Saturday, April 20, 2019

Trappings Of Travel

It is hard to believe, but it is less than a week until I will be landing in London, picking up my rental car and heading out on a new adventure to various destinations.

This trip is really special to me.  I have a lot of heritage linking back to the British Isles, including my grandmother who came from Yorkshire, and I will be meeting some of that family while I am there.  I am so grateful for the family and friends who will be playing host to this Yank.

As I get older, I find that the planning and organizing of a trip is half the fun.  Well, I won't say it is half, but it is certainly a fun part of the whole adventure.  There has been a lot of planning, and I have a pretty full agenda.  I won't go into details, because it is my hope that I'll find time in that full agenda to share some thoughts and pictures on this blog, or at the least, some quick notes on Facebook.

But for now, I fancy a spot of tea.

Happy Saturday from Silicon Valley.

Sunday, March 24, 2019

Muted Shades of Spring

It is my seventh spring in the Bay Area.  I have to say, I have not tired of life in the Bay Area yet.  Set the cost of living aside, life in here is vibrant.  The beautiful diversity of communities, the unique contrast of a more old(ish) world environment in San Francisco to the funky coastal communities near Santa Cruz to the almost too quickly changing face of Silicon Valley.

Spring 2017, California Coast
Then there is the weather.  For a guy who has lived in many northern climates, the beautiful and consistent weather can become a bit bland.  The lack of drama of the fall gives way to the pastel-grey of winter which is more of a doze than a sleep.

People who come from the north like to say there are no season changes in a place like this, as well as in San Diego, where I lived in the early 1990s.  But it's not true, they just aren't as dramatic.  When I left San Diego in 1992, I was "missing the seasons" and I very much enjoyed my first fall and winter in Idaho.

It is different now.  Maybe it is that I am nearing 60, rather than just being beyond 30.  Indeed I remain happy here, seven years gone.  I've come to appreciate the shades of my favorite season, Spring.  I like the pockets of Autumn that appear when Summer is gone, and I've learned where to find them, here near my Bay Area home.

But, as if to give me a little taste of what was, the Northern California winter was colder than usual, wetter than usual, and the sunroof on my car was planted shut for months.  In the last couple weeks, as the solstice came, the stream of clouds and rain that graced the area for what seemed months without much rest, relented.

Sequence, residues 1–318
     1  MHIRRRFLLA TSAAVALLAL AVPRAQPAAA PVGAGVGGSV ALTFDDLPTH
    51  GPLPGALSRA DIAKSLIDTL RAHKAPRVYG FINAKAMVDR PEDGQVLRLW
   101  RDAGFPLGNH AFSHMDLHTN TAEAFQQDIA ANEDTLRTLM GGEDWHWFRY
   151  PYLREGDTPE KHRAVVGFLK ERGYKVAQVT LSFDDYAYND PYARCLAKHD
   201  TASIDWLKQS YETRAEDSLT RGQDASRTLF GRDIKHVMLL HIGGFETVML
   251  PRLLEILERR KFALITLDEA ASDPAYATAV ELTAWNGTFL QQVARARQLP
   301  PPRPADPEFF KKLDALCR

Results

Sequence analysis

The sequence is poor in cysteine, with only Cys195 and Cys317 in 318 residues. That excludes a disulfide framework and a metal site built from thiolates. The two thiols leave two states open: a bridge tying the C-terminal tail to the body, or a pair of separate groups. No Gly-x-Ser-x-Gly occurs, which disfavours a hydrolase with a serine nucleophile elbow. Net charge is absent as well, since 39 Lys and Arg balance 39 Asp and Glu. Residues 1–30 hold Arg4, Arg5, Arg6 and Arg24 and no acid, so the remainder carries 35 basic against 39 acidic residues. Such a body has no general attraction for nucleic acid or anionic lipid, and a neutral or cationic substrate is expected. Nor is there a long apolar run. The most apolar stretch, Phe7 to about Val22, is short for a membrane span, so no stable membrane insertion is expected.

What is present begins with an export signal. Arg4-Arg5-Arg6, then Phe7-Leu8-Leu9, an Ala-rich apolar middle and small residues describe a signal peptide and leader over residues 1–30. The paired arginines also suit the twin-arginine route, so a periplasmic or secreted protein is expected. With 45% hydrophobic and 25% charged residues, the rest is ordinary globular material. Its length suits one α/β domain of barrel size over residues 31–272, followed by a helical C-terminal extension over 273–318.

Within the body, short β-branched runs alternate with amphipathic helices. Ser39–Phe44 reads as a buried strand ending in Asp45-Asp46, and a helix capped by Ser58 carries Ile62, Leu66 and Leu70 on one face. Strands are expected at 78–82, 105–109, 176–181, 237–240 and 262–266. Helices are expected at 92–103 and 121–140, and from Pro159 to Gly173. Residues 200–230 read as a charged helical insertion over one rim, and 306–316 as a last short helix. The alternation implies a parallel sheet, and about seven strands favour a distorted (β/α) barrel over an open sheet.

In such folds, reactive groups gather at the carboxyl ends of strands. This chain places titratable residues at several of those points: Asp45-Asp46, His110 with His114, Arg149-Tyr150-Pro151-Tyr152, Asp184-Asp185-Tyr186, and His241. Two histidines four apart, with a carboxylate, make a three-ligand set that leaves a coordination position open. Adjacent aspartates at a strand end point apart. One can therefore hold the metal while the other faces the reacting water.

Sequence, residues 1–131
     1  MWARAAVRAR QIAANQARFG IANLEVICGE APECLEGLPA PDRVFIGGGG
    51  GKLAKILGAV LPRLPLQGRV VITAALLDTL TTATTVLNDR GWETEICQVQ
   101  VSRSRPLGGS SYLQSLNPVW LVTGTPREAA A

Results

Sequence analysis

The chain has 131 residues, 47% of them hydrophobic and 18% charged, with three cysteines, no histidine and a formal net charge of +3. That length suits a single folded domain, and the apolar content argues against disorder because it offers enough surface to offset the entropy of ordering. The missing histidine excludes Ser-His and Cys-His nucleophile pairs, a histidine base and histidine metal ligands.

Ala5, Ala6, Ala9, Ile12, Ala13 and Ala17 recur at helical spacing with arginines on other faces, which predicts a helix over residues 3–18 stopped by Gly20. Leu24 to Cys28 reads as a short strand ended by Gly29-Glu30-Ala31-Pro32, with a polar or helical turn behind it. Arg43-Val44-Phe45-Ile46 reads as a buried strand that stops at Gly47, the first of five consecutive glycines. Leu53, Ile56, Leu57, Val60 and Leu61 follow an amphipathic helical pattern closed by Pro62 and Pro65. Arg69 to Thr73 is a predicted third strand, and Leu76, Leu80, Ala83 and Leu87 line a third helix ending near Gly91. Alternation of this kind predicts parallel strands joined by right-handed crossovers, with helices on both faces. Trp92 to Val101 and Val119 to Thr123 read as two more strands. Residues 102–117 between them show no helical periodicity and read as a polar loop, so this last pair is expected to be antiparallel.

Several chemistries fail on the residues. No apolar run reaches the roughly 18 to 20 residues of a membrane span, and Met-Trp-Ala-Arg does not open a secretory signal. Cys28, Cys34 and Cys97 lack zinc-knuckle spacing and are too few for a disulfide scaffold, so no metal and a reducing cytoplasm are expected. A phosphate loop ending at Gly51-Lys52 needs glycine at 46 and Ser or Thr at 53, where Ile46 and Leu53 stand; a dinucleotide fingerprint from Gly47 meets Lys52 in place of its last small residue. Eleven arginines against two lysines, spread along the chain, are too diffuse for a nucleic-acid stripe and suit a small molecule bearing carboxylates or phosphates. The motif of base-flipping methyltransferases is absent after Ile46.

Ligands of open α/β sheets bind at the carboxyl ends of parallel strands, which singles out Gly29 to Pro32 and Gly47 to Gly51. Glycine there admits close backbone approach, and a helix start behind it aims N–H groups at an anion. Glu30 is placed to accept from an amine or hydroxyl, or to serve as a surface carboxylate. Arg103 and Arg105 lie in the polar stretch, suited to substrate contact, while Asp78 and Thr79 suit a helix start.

Yes, the shades of Spring are still muted here.  The rich smell of the countryside awakening that I recall from Pennsylvania, Idaho, Maryland and Germany will not be equaled by the Bay Area, but there is a richness about this particular March that will remain with me.

Happy Sunday from Silicon Valley in Spring.

Sunday, February 10, 2019

Snows Over Silicon Valley

It has been a crazy year, weather wise.  Here, in Silicon Valley, it has manifested itself in fairly prolific rains, which can be a good problem to have, for an area that has gone dry a number of years recently.

In a sense, I've been in a dry spell, creatively.  Not that I'm not pursuing creative endeavors, far from it.  However, my endeavors, of late, have been pretty singular.  My cameras have been cooling off, I haven't written poetry lately, and I haven't worked on any short fiction.

The fact is, I have been focused.  I have been so focused on this one project, that I've deprived myself of some of my other creative loves.  A novel I have worked on for many years continues to need TLC to be truly complete.  Finding where it went wrong, which is really a story longer than the novel itself, has been a journey unto itself.  The things I'm learning go deeper than just this one story.  There are elements of my vision for story telling that are wrapped up in this, and in a sense, there are elements of who I am, here and now.

This weekend, I broke away from that novel, and started a short story, and just in the development of a fresh story, I am starting to see the things I'm learning.  Remember the movie The Karate Kid, where Daniel does menial tasks and doesn't understand how they relate to karate?  Miyagi then show him just how much he has learned.

Maybe it's a bit like that.  Maybe not, but it sounds good.

Whatever the point, after finishing the rough draft of this new story, I went for a coffee with my son Daniel (not a karate kid, as far as I know) and then came back to the house.  On the way, the hills near my house peeked from under rich clouds to show a fresh coat of snow.  We do get snow on those hills, but not usually this much.